Builders say it is impossible to build 200,000 homes a year

Housebuilders believe it is impossible to build the 200,000 new homes the UK needs each year, with two-thirds thinking the maximum that could be built is 180,000 a year.

A survey of over 160 housebuilders conducted by estate agents Knight Frank shows just 9 per cent believe it is possible to build more than 200,000 homes a year.

The Conservatives have not publicly stated a housebuilding target, but Labour, the Liberal Democrats and Ukip have all pledged to build at least 200,000 new homes a year.

Knight Frank also asked housebuilders what measures policymakers should take to increase the number of homes built each year.

Putting more resources into local planning departments topped the list, at 82 per cent, followed by improving skills and training in the industry, at 58 per cent, and opening up access to public land, at 57 per cent. 

Knight Frank head of UK residential research Grainne Gilmore says: “In the run-up to the election, all political parties agree that the delivery of more new homes is a priority. Yet more than two-thirds of housebuilders believe that under current market conditions, the maximum number of units that can be sustainably delivered each and every year is 180,000 or less.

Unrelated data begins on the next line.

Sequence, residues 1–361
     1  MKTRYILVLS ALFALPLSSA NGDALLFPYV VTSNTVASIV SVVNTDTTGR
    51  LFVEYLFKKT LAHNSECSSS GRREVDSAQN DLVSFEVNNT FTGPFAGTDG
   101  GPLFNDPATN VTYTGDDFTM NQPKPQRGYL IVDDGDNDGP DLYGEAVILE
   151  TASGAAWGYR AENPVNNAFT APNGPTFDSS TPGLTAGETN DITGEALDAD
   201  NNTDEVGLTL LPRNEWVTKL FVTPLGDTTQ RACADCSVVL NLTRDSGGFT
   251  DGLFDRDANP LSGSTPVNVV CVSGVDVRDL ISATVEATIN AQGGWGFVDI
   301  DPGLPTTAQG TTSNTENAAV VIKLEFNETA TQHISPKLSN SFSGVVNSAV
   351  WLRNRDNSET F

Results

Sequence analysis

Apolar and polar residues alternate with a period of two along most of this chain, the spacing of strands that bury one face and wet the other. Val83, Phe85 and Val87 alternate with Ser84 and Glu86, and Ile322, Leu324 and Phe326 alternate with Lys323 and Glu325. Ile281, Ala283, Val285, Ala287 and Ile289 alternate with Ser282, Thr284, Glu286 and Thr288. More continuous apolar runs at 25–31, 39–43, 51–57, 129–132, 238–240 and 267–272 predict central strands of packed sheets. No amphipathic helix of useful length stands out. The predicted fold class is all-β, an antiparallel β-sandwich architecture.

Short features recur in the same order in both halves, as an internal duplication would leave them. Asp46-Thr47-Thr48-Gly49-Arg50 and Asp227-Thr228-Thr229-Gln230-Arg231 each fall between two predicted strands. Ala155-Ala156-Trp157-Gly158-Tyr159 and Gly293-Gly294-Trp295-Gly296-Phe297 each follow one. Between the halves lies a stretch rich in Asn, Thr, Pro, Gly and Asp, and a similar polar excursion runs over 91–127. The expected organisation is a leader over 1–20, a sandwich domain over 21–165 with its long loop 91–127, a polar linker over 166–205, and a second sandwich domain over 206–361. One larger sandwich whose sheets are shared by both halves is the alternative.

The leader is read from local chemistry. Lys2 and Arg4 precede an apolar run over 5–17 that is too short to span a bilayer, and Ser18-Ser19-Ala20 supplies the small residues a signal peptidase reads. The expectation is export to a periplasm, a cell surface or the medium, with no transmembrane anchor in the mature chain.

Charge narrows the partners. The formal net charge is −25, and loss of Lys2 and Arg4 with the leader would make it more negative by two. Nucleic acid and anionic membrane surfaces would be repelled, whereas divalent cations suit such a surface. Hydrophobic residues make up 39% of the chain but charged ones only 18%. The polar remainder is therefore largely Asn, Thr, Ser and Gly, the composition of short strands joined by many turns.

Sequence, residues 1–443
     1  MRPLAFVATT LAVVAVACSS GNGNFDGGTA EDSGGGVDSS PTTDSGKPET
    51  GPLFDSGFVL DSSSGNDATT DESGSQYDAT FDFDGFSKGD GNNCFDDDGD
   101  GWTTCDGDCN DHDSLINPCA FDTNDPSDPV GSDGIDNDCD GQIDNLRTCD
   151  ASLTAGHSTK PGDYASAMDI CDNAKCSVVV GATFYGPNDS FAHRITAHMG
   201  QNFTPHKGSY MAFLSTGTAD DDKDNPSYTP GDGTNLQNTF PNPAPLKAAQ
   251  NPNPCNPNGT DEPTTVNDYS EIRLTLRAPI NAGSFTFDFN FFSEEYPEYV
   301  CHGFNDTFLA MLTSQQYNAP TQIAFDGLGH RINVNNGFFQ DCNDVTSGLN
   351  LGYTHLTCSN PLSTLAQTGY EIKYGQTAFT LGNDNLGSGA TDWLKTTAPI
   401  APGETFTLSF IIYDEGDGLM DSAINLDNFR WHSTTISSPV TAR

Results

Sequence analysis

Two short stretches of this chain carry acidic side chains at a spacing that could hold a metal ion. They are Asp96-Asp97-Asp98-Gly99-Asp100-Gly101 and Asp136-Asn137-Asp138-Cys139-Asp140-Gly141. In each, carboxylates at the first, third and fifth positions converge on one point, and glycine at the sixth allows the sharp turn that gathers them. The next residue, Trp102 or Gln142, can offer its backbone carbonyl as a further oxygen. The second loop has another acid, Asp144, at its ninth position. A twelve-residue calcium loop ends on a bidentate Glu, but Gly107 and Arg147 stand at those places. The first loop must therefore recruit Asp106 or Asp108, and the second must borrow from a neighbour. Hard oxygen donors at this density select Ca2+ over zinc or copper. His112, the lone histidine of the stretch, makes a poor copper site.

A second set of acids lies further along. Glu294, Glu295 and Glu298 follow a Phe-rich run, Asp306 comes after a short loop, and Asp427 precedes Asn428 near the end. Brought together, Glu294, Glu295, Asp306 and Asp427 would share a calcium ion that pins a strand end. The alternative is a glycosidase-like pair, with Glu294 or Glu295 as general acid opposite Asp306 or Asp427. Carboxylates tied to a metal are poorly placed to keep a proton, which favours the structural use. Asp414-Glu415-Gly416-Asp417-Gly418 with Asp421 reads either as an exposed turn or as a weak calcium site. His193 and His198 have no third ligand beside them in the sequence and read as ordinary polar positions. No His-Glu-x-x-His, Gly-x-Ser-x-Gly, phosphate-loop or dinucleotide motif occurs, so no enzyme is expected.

“Policymakers, especially those in power after the election, may want to heed the calls from housebuilders to beef up planning departments in local authorities, plough more investment into skills and training in the construction sector and provide better access to public sector land, moves which the housebuilding industry is signalling could move the country closer to building enough homes for all.”

What steps can the Government take to help boost housing delivery in the long-term?
What steps can the Government take to help boost housing delivery in the long-term?

Provide additional resources in local authority planning departments


Improve skills training for the industry


Improve access to public sector land


Loosen rules around development on green belt land


Scrap/review community infrastructure levy (CIL)


Ease time frames for, or amend, environmental requirements


Improve access to development funding


Further expand Help to Buy equity loan (beyond 2020/additional funding)


Garden cities


Move back to a more regional approach to planning